September 10: National Register of Historic Places Listing (1971)

On September 10, 1971, the Church of the Epiphany in downtown Washington, D.C. was added to the National Register of Historic Places (NRHP). The NRHP is the U.S. government’s official list of districts, sites, buildings, structures and objects deemed worthy of preservation. The passage of the National Historic Preservation Act in 1966 established the National Register and the process for adding properties to it. Of the more than one million properties on the National Register, 90,000 are listed individually. The remaining are contributing resources within historic districts. For most of its history, the National Register has been administered by the National Park Service, an agency within the U.S. Department of the Interior. Contrasted to a NRHP listing, a National Historic Landmark is recognized for its outstanding historical significance. Of the 90,000 listings on the NRHP, only 2,500 are National Historic Landmarks.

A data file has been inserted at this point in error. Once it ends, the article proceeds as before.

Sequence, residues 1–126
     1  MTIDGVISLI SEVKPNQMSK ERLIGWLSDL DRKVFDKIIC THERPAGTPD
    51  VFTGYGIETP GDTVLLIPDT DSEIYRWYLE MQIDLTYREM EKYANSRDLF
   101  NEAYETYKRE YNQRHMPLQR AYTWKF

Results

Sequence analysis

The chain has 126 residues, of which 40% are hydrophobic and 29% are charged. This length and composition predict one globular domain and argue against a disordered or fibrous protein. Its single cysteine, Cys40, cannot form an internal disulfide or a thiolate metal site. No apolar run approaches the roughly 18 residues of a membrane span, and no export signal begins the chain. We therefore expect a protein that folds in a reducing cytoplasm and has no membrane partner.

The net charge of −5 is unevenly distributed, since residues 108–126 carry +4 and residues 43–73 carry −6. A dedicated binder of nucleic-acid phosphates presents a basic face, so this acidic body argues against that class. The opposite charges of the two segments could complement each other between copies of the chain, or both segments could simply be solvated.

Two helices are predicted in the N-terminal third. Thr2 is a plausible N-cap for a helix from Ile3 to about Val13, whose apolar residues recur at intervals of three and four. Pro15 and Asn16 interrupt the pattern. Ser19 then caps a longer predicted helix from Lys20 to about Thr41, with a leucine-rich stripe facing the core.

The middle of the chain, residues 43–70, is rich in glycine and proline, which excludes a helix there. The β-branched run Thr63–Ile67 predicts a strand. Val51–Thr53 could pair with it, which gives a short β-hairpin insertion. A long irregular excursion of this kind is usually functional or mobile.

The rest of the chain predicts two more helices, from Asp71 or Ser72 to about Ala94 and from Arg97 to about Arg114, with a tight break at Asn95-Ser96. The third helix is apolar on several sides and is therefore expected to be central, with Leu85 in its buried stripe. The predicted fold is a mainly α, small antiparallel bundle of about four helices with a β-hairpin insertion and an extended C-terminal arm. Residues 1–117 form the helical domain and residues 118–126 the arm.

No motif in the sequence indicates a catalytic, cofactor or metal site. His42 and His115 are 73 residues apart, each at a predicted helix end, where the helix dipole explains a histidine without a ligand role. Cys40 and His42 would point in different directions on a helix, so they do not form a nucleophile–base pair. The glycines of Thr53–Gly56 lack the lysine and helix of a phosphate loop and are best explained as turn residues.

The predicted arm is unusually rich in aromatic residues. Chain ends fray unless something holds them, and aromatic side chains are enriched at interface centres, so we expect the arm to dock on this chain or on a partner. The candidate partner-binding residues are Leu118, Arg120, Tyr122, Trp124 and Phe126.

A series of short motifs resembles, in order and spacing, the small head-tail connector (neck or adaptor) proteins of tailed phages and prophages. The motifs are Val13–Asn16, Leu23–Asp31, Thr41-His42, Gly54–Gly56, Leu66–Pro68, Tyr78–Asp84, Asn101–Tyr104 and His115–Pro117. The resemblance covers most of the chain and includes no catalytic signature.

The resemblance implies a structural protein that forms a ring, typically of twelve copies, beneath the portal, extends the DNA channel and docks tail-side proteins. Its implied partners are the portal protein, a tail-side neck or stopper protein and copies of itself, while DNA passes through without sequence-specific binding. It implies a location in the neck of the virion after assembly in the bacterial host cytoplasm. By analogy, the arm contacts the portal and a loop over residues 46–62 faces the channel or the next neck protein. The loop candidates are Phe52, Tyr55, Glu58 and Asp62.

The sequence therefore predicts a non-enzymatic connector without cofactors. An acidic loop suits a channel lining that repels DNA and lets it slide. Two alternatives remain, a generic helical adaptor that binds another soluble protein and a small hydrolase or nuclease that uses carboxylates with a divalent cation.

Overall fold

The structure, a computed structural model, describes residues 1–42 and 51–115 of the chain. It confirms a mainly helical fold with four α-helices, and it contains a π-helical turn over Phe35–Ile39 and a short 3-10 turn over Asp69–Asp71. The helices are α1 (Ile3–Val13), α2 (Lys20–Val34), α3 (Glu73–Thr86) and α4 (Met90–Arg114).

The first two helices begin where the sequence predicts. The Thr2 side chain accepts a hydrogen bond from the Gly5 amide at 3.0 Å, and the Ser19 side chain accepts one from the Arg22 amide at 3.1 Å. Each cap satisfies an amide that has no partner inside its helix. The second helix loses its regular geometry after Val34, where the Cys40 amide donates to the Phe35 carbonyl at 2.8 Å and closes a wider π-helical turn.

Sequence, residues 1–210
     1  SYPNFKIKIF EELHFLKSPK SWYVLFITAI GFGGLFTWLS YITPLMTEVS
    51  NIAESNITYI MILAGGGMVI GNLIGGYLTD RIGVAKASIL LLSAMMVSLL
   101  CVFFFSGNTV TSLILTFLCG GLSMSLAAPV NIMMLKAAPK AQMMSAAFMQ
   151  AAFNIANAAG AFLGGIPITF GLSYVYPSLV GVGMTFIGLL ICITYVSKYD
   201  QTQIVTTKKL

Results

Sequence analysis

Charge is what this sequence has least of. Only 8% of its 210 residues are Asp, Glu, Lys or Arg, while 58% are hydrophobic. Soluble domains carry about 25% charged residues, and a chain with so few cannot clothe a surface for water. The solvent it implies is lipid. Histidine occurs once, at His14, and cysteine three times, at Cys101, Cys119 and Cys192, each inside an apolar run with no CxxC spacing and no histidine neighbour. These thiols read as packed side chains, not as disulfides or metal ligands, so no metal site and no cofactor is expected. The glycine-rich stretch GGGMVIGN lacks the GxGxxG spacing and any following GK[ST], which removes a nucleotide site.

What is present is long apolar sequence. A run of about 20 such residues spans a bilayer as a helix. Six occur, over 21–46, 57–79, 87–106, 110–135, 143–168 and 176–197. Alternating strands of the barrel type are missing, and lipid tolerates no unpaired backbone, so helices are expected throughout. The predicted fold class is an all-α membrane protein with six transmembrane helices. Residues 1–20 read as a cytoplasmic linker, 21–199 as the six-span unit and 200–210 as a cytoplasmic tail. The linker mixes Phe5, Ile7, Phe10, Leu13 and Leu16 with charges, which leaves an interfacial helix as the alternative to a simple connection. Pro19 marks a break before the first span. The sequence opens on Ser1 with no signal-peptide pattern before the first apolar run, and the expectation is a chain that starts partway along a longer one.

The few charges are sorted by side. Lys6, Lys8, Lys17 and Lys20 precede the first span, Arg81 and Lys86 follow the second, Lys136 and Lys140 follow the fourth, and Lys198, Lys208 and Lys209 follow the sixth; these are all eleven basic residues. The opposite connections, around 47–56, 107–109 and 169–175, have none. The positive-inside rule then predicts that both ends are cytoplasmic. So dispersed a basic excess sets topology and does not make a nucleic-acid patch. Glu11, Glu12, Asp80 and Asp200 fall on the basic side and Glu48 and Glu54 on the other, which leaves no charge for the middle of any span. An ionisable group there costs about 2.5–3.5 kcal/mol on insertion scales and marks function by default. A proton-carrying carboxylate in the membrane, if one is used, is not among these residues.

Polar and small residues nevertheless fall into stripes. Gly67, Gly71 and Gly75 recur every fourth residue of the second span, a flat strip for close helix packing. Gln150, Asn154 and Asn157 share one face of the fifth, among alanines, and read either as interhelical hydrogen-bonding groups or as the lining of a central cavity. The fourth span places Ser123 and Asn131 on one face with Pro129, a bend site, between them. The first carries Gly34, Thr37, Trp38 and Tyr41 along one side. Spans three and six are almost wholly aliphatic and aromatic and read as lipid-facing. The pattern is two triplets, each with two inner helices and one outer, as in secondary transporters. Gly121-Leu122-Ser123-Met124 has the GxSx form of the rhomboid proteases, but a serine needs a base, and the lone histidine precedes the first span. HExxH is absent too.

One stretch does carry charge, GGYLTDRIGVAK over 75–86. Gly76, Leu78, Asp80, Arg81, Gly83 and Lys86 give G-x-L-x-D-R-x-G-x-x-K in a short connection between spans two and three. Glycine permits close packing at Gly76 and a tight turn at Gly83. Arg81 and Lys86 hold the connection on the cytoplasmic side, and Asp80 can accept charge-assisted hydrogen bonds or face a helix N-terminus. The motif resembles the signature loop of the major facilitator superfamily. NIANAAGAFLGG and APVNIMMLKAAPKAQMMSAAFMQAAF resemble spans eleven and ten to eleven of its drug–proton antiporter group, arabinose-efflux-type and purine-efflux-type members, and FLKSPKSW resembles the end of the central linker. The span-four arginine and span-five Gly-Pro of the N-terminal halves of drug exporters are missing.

The nomination for Epiphany’s addition to the National Register was completed by Suzanne Ganschinietz, Architectural Historian and Nancy C. Taylor, Landmarks Historian with the National Capital Planning Commission. It is interesting to note that at the time the commission was located at 1325 G Street, next door to the church. On the nomination form’s checklist of “Areas of Significance,” items indicated were architecture, religion and other (“Civil War Hospital; Notable early parishioners”). The nomination’s statement of significance opens with the following, “The Joint Committee on Landmarks has designated the Church of the Epiphany a Category II landmark which contributes significantly to the cultural heritage and visual beauty of the District of Columbia.”

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